Impacts Of Migration Around The Globe

Immigration has existed during the whole history of humankind and people have moved from their home places for centuries, for all sorts of reasons. Despite of the concerns about its economic and social implications, the movement of people across the world shows great increase in global productivity. 

More than 90% of the world’s migrant population moved voluntarily and usually for economic reasons. The remaining 10% are refugees and asylum seekers who have fled to another country to escape conflict and persecution. 

Destination and origin countries may experience both gains and losses in the short term but may stand to gain over the longer term.


Positive impacts:

  • Expanding the labour market; 
  • Increased cultural diversity;
  • Skill gaps are filled;
  • Boost to the local economy;
  • Public services can benefit from an influx of qualified staff (e.g. doctors and nurses).

Negatives impacts:

  • Pressure on public services such as schools, housing and healthcare;
  • Overcrowding;
  • Language and cultural barriers can exist;
  • Increased level of pollution;
  • Increased pressure on natural resources;
  • Racial tensions and discrimination;
  • Gender imbalance – usually more men migrate.



Positive impacts:

  • Unemployment can reduce as there is less competition for jobs;
  • Less pressure on natural resources including food and water;
  • When migrants return, they bring new skills and knowledge;
  • There is less pressure on services such as education and healthcare;
  • Money is often sent back to family and friends (known as remittances), boosting the local economy. 

Negatives impacts:

  • There are fewer people to pay tax, so it could increase;
  • Fewer skilled migrants, as those with skills and education, tend to be the people who migrate. This is also known as brain-drain;
  • Brain drain (the loss of trained and educated individuals to emigration ) could have a negative impact on economic development;
  • Families separated by borders;
  • There are often gender imbalances, as it is often males who move.



Positive impacts:

  • The opportunity to get a better job;
  • Improved quality of life;
  • The opportunity for a better education.
  • Independence from political, economic, social and ecological factors in your country of origin.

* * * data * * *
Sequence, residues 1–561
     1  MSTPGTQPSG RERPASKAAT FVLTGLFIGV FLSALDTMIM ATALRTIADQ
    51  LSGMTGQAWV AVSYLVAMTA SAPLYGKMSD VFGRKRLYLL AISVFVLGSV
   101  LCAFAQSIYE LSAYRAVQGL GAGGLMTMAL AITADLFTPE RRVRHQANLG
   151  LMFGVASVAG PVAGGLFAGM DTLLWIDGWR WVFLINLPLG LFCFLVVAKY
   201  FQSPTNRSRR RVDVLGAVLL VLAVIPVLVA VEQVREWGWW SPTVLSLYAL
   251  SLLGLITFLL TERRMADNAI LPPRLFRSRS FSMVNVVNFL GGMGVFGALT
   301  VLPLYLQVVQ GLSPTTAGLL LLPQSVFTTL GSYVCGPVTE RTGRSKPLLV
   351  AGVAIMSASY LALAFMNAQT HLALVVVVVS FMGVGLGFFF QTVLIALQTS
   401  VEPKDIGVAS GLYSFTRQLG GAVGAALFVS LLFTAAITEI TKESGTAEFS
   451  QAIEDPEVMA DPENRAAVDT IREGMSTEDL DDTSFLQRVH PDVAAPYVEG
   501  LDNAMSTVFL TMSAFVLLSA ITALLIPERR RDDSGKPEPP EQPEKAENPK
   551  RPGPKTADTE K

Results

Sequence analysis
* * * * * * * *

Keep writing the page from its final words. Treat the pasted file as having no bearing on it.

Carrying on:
Negative impacts:

  • Issues communicating due to language barriers;
  • Migrants can be exploited;
  • Migrants may experience racism.


As a result of the COVID-19 global pandemic, global human mobility has been fundamentally altered. Many countries have implemented restrictions on entry and exit, tightened quarantine rules and taken other measures in an attempt to slow the spread of COVID-19.

Some countries started to introduce more effective immigration concessions to facilitate applications; for example, moving to online applications, accepting soft copies of documents, granting automatic extension approval and more. 

When the dust settles and some semblance of normalcy returns, we will see a clearer picture what this global pandemic has brought all of us. When that time eventually does come, many will have noticed the difference of migrating and investing to a second passport made throughout these direst of times.

As such, we recommend that if you are considering any form of immigration or citizenship application, whether now or in a years’ time, you begin this process now. This is to ensure that you are in control and can plan for the continued effects of the pandemic. 

Vazir Group operations adjust to meet the increased demand for alternative residence and citizenship during challenging times. The risks to one’s health cannot be underestimated. But the risks to one’s future cannot be ignored. 

Vazir Group offers you the most effective and profitable investment solutions that reflect your goals and objectives to the maximum. 

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